We See You

Russell Okung, Offensive Tackle / Denver Broncos - The Players' Tribune

The more I read about the controversy surrounding 49ers quarterback Colin Kaepernick’s decision to not stand during the national anthem, and his efforts to shine a light on injustice in this country, the more I think about Tommie Smith and John Carlos.

In 1968, in the midst of heated racial tension, Smith and Carlos used their platforms to change the world. At the Summer Olympics that year, Smith earned a gold medal in the men’s 200-meter dash, while Carlos won a bronze, and during the medal ceremony the two engaged in a powerful demonstration. With the national anthem playing in the background, they displayed one of the most symbolic gestures in Olympics history: The two men each raised a fist, showing their commitment to the civil rights movement.

I’ve always wondered if, at the time, they believed that their showing of solidarity with Malcolm X, the Black Panther Party, and the recently assassinated Martin Luther King Jr., would even make a difference. But, as it turned out, a simple act on the world stage would surprise many, and show that change was needed.

The two competitors inspired millions around the globe and shed light on the oppression experienced by African-Americans in the United States. Their punishment, of course, would be severe. Soon after they took their stand, Smith and Carlos were expelled from the Olympics and made into public enemies. At home in the U.S., they received death threats. A moment of solidarity almost immediately became a swift burden. But when asked back then why he sacrificed the glory of the Games after earning a medal, John Carlos answered: “I can’t eat that. And the kids ’round my block can’t eat it. They can’t eat publicity, they can’t eat gold medals. All they want is an equal chance to be a human being.”

Think about that for a second.


Now, fast-forward to 2016. During his team’s preseason games, Colin Kaepernick has opted to remain seated during the pregame performance of the national anthem. After several recent shooting tragedies and a summer marked by growing racial tensions, Colin felt as though he had to do something. He explained that his actions represent an effort to protest the lack of inclusivity and equal opportunity for minorities, particularly African-Americans in the United States. However, while not his intention, many saw his action as anti-American and anti-military.

If you watch the entire interview, Colin was clear that it was not his intention to disrespect the military.

It’s important to recognize the distinction between our country’s symbols — such as the flag or the anthem — and the military, or our country as a whole. The flag is a powerful symbol of Americanism — a concept that includes freedom of speech, freedom of assembly and freedom as a whole.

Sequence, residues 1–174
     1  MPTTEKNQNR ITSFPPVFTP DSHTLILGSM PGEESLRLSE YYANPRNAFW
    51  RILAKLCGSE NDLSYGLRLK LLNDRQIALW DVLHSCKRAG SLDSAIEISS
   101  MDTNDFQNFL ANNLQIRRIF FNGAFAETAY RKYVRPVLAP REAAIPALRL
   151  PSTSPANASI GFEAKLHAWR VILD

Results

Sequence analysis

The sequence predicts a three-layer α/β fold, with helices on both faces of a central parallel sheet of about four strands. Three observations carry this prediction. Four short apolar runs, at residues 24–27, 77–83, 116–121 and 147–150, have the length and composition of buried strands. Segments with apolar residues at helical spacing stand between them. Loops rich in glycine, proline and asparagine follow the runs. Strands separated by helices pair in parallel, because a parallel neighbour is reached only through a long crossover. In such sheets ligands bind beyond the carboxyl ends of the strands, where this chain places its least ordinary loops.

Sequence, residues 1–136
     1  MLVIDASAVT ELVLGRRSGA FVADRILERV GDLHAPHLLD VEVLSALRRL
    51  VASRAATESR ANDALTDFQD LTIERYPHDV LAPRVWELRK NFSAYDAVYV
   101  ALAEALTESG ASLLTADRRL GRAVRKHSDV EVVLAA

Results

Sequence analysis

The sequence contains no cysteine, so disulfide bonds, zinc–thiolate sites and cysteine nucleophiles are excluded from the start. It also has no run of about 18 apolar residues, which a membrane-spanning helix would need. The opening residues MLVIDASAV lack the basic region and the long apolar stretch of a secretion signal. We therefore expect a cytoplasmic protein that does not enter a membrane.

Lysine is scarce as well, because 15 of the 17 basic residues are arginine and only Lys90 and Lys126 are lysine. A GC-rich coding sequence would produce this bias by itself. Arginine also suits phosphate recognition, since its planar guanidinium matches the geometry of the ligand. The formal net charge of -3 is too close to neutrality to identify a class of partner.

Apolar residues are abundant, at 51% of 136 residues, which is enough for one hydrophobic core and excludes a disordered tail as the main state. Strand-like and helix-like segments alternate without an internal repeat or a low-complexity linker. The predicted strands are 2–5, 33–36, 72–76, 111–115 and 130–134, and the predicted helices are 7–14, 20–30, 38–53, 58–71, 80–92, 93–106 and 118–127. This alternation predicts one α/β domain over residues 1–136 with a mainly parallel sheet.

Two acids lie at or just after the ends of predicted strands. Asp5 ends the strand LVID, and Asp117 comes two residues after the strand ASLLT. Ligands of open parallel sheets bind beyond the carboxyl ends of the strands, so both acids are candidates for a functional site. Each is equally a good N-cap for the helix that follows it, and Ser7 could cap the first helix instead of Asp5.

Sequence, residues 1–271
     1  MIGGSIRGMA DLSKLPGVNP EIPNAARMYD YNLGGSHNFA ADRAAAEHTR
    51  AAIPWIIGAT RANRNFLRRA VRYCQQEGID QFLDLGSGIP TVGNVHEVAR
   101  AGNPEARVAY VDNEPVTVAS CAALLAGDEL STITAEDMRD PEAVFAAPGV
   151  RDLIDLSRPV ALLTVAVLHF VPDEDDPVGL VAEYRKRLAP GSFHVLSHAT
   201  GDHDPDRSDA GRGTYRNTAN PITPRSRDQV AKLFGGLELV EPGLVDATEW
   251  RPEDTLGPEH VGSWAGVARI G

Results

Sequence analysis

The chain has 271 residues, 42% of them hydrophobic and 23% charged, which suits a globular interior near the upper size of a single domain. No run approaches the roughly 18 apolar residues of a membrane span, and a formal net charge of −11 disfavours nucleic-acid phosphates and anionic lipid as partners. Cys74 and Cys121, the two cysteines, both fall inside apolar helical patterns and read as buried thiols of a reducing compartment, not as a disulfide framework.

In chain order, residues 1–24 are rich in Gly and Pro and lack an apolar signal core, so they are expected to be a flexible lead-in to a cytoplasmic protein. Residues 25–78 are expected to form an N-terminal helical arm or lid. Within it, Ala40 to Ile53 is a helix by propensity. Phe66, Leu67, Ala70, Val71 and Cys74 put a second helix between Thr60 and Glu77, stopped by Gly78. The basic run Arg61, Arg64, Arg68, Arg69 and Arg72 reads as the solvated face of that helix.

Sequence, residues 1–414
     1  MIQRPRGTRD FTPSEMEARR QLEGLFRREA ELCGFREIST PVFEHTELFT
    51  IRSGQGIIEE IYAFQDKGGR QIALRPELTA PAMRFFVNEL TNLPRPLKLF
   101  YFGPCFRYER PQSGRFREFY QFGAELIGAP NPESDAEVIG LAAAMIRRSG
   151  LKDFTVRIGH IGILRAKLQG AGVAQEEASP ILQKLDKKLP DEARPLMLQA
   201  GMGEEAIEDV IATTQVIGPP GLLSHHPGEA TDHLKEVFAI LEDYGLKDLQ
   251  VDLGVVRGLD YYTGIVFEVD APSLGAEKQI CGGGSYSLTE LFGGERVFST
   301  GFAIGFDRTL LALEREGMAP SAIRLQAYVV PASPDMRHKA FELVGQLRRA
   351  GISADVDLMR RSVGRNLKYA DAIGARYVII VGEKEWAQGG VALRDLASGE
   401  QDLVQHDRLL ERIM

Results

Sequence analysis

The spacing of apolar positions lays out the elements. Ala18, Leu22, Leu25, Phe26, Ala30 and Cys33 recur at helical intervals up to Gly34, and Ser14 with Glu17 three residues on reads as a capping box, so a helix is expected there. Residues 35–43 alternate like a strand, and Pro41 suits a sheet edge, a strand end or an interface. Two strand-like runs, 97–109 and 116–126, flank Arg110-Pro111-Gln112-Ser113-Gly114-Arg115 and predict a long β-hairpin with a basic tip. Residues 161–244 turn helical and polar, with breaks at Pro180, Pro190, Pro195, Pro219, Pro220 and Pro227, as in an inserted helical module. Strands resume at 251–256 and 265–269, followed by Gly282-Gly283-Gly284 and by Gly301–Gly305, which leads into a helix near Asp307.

If you watch the entire interview, Colin was clear that it was not his intention to disrespect the military. His intent was to bring awareness to the injustices faced by regular people every day — people who are judged based on the color of their skin to be dangerous individuals unworthy of equal opportunity or the benefit of the doubt when crossing the street, walking into a store, or peacefully protesting senseless violence at the hands of police and others.

Colin’s goal was to use his platform to raise the visibility of issues that cannot and should not fall by the wayside as the media moves on to other news. He’s not the first athlete to speak up, and he won’t be the last. For those of us who have witnessed and lived injustice, struggled with racism, and experienced police brutality, we have an obligation and a responsibility to make our voices heard. In my case, it was always my dream to play professional football but ever since my dream came true, I’ve walked a tightrope between fans’ expectations of me on and off the field. Those expectations aren’t always harmonious when they collide with reality.

As we step on the field, our job is to play our best football and to help the team win. What we do as players beyond that commitment to our team and to our fans, is individual to each of us, and is part of what it means to be American and to feel comfortable expressing our views when, where and how we believe is best.

When challenged, Colin expressed that he did not regret his decision and that he plans to continue sitting through the anthem as a way to demonstrate the need not only to revive our national conversation on race relations, but also to encourage solutions that can bring about change.